Fossil Fuel

Fossil Fuel Resources

The Disadvantages of Coal

  • Burning coal emits harmful waste such as carbon dioxide, sulphur dioxide, nitrogen oxides, sulphuric acids, arsenic and ash. It also emits twice as much carbon dioxide when compared with natural gas to produce the same level of heat, which increased the levels of harmful greenhouse gases emitted into the earth’s atmosphere. Carbon dioxide emissions from the burning of fossil fuels now account for about 65 per cent of the extra carbon dioxide in our atmosphere.
  • The burning of coal by large-scale factories to power industry has led to acid rain in some regions
  • Coal can be cleaned and/or turned into a liquid of gas but this technology has yet to be fully developed and adds to the expense of creating fuel via coal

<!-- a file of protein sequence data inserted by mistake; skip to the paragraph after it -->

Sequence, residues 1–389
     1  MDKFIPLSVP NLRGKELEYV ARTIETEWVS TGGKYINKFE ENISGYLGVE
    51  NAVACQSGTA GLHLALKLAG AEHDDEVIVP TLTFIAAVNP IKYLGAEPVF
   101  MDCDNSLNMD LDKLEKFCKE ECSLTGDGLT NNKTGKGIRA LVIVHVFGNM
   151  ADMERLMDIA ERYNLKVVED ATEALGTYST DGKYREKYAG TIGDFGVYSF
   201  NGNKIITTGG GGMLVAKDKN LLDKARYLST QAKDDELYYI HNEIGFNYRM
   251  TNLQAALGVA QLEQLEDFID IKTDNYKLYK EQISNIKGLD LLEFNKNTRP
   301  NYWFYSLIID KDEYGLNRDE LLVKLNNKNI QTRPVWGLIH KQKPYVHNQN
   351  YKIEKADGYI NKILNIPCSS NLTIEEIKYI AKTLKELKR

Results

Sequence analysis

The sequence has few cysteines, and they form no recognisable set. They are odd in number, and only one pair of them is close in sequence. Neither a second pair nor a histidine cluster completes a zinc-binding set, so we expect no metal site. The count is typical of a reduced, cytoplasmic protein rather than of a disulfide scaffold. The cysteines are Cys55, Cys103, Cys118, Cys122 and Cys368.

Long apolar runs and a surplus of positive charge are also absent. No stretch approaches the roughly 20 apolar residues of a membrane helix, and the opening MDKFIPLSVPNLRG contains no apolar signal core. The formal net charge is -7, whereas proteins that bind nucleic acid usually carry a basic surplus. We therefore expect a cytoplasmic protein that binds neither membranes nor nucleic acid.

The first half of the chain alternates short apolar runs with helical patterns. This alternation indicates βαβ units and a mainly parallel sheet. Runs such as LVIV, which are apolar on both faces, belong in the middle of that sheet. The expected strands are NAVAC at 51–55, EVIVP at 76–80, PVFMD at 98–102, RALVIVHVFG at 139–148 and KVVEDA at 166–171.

• Coal mining can scar the landscape and the equipment used for mining is large and noisy which may affect local wildlife
  • Transporting coal can be problematic because it requires an extensive transportation system and can also cause additional pollution in the form of emissions from transportation vehicles such as lorries, etc
  • There are limited stocks of coal remaining – they will be entirely depleted this millennium if we continue to burn coal in the future at the same rate we are today coal can be considered as a non-renewable energy source
  • The mining industry can cause health difficulties for miners and fatalities due to the potentially dangerous nature of the work
  • Burning dirty coal can create significant pollution problems

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